CEI Capital Management is a wholly owned subsidiary of Coastal Enterprises, Inc., a Maine-based Community Development Financial Institution. Coastal Enterprises founded CEI Capital Management at the start of the New Markets program as a way to increase the potential size of their investments and expand their geographic reach beyond New England. According to their 2022 Impact Report, the organization has created and preserved 12,097 rural jobs in 96 projects across the United States since 2004.
In an interview with the Daily Yonder, CEO Traci Vaine explained how CEI Capital Management uses the program. She said the New Markets credits are flexible and able to fund almost any type of business in any size community. The company has found a niche in the program by focusing on rural manufacturing businesses. It benefits from the decades-long expertise of its parent organization in food processing and forest products to make a significant impact in communities, Vaine said.
“Rural communities often have underutilized or non-existent manufacturing facilities that require significant expense,” said Vaine. “Investors need an incentive, and the New Market Tax Credit can be the catalyst to bring the capital to these communities.”
Manufacturing’s unique characteristics make it ideal for creating economic mobility, something that can be hard to come by in rural places, Vaine said. Manufacturing businesses have positions that don’t require higher levels of formal education. When companies offer employees with entry-level positions training and chances for promotion, they facilitate moving up the economic ladder.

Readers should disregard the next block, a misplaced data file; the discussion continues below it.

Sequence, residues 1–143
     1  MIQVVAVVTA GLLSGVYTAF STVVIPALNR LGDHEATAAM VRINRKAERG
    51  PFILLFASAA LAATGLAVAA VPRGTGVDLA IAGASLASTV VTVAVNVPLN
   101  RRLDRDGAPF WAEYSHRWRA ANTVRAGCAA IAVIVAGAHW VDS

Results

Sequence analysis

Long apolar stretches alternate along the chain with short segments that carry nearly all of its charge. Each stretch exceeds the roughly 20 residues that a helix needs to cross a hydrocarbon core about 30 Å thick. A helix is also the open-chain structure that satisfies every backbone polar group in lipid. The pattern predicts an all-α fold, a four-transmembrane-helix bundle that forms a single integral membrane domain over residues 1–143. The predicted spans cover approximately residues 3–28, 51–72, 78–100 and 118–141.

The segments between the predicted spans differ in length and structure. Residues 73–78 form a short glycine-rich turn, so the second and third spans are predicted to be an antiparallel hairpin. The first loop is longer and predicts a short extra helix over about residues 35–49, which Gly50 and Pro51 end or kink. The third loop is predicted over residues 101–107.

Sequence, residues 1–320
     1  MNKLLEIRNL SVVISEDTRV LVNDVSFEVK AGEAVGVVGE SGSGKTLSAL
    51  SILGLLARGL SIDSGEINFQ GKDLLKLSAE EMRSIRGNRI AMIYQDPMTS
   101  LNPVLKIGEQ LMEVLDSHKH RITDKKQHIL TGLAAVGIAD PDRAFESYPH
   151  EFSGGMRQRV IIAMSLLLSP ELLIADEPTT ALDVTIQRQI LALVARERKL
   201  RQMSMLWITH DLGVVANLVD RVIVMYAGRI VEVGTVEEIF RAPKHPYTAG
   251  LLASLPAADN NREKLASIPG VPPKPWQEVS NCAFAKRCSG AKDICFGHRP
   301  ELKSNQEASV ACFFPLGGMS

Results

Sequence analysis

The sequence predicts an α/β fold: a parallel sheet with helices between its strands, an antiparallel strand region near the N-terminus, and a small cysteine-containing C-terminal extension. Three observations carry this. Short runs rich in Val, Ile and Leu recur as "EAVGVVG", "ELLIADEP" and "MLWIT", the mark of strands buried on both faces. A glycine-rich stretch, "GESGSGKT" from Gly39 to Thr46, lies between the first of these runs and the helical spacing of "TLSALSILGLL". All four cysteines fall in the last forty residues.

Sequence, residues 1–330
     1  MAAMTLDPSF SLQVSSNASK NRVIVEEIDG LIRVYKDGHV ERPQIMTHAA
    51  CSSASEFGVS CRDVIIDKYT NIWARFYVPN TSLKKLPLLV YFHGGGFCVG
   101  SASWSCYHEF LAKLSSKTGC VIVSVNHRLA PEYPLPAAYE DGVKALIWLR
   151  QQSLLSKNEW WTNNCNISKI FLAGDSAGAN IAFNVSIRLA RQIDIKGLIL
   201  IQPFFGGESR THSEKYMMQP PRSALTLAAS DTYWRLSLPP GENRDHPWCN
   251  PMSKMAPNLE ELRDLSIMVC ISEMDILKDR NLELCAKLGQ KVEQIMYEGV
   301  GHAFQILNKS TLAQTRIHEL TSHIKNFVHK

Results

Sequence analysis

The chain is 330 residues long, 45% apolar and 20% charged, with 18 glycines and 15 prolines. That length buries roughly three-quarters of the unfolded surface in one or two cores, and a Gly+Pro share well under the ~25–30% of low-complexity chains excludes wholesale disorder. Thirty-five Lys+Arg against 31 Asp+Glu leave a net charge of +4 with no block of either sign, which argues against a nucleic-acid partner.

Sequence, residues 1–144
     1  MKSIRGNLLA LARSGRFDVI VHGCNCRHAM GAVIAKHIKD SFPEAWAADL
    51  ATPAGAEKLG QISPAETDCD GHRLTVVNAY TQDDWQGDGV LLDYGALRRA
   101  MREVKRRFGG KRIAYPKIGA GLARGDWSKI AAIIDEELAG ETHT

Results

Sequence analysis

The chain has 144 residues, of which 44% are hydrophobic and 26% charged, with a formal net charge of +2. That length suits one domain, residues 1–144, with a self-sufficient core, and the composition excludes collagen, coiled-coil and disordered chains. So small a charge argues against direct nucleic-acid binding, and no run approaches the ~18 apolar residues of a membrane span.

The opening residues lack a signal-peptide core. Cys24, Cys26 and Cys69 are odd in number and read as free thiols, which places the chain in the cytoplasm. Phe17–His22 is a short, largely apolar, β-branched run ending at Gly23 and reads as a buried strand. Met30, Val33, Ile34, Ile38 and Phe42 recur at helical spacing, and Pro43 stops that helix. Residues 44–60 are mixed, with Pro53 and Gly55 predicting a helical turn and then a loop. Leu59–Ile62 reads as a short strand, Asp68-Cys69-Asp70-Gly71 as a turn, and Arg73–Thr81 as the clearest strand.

That kind of advancement is one of the tenets of CEI Capital Management’s Good Jobs Framework, which is foundational to their investment approach. Vaine explained that to decrease poverty in low-income areas, businesses need to create more than just jobs. Employment must provide those opportunities for advancement, a living wage, and benefits like health insurance and paid time off.
Ensuring this kind of corporate responsibility begins before CEI Capital Management partners with a business. The staff meet with town leaders to ensure the company goals align with community needs. In selecting partner companies, CCML seeks out ones that already have a corporate culture with a good-jobs mentality. Theodos said, “These are the right design elements that could make [the tax credit] truly benefit communities.”
A Community Benefits Agreement is one way businesses are held accountable. CEI Capital Management staff also monitors the businesses through quarterly updates, covering progress in construction, training, and compensation. They check in with local leaders and implement site visits if necessary.
“Giving communities false hope about a great company, then not following through, causes more harm than good,” said Vaine. “We become very friendly with the projects, and most of the time the businesses have far exceeded their goals.”
The New Markets Tax Credit is, in Vaine’s words, “patient capital.” The Treasury regulations require a seven-year credit term, providing ample time for projects to get off the ground and bring benefits to fruition.
“Economic development takes time to mature,” she explained. “With the tax credits, the federal government is taking some of the risk out of these investments.”